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Tampa International playing its own version of 'Moneyball' to bring in new business

TAMPA

Joe Lopano reels off airport statistics in much the same way Tampa Bay Rays manager Joe Maddon runs down batting averages. • Lopano, the CEO of Tampa International Airport, knows that 35 percent of Pinellas hotel guests rented cars in Orlando. He knows that the Tampa-St. Petersburg-Sarasota market has an effective buying income of $96 billion — more spending power than any other metro Florida market. And he knows that his airport serves a massive market: 3.5 million people are within a one-hour drive. • He has this in common with Maddon as well: Just as the Rays use statistical analysis to contend with the big-spending Yankees and Red Sox, Tampa International uses analytics to compete with busier airports in Orlando and Miami. • Lopano is playing his own version of Moneyball, the title of the 2003 Michael Lewis book that traced the rise of statistical analysis — sabermetrics — in helping small-market teams like the Oakland A's and Rays find good, affordable players to take on baseball's far richer teams.

The stakes for Tampa Bay are high. Every new daily nonstop international flight to a major city generates $154 million economic impact annually for the bay area — and 1,200 new jobs.

"The numbers say it all," Lopano said. "I'm old enough to remember the days when airlines flew to a place and sort of guessed they'd be successful. But jet fuel was 25 cents a gallon.

"Now the aircraft are $200 million units and you burn $100,000 every time you fly. Now it's all about analytics."

In Moneyball, the movie, Brad Pitt plays Oakland A's general manager Billy Beane, who transformed the team's traditional use of scouts to evaluate baseball talent to a data-driven approach.

Tampa International's vice president of business planning and IT Damian Brooke, his head shaved, his goatee turning white, knows Pitt is not going to play him in any movie.

"Maybe Jonah Hill," he said, referring to Pitt's Moneyball co-star. "He was the numbers guy."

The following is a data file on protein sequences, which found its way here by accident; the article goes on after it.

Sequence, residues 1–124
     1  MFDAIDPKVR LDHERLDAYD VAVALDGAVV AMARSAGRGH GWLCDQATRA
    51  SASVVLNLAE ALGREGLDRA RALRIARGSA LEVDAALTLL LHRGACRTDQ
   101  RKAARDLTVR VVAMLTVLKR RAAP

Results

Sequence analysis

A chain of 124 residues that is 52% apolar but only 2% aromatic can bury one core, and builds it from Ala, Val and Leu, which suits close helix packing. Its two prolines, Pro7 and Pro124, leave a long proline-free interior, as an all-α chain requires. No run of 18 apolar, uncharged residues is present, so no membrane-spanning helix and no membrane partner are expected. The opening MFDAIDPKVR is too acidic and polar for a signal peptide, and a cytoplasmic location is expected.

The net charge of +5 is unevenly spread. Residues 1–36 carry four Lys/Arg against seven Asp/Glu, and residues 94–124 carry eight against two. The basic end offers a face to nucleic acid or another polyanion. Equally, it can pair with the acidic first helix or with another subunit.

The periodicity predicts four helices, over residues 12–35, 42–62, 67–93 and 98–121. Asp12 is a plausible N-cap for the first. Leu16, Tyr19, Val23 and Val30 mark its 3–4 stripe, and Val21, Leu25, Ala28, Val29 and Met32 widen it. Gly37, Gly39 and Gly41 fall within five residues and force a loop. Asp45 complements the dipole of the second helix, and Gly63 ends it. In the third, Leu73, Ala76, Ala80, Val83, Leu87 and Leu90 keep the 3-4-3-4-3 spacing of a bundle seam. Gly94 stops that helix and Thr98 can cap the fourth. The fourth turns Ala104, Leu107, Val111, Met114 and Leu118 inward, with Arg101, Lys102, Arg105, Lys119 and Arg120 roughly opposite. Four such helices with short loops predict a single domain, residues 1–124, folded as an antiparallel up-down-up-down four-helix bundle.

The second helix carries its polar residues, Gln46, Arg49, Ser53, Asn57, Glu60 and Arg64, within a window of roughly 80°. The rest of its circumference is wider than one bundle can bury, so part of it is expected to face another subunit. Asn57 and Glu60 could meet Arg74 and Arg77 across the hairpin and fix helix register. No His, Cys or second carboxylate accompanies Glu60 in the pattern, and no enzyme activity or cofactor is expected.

Brooke is the numbers guy at Tampa International, just as he was at Dallas-Fort Worth International Airport, where he worked for Lopano.

Brooke was a runway rat-turned-airport consultant for Sabre Airline Solutions in Texas. Airport analytics was a growing field when he got this idea in 2005: There had to be a better way to drill down into the national data of airline flights, which the federal government released six months late, to identify patterns and trends.

So he hired two programmers at $20 an hour to build him a better, faster database. Three months later it was ready. The latest iteration of Sabre's Airport Data Intelligence software now sifts through more than 35 databases, provides instant figures and is used by more than 200 airports. The data show who bought tickets, where they live and what airports they used, their destinations, what connecting flights they took, and even where they rented their cars.

Brooke left Sabre, which still owns the product. Now he uses what he helped build.

"If it was owned by me," Brooke said, "I'd be in a different income bracket right now."

Tired of consulting and traveling, Brooke went to work for Lopano in Dallas in 2005.

In Lopano he found a boss ideally suited to understanding the importance of data. Lopano had spent seven years as a marketing director at Continental Airlines, scouting for new routes. In the 1990s, he was hired to do the same job for Dallas-Fort Worth International Airport, which wanted him to persuade airlines to fly more routes to DFW.

"I worked the airline side, so airports would come to me and say 'I want you to put an airplane in our market,' " Lopano said. "It's all about analytics and sustainability. When I came to the airport side, I didn't know any other way of doing it."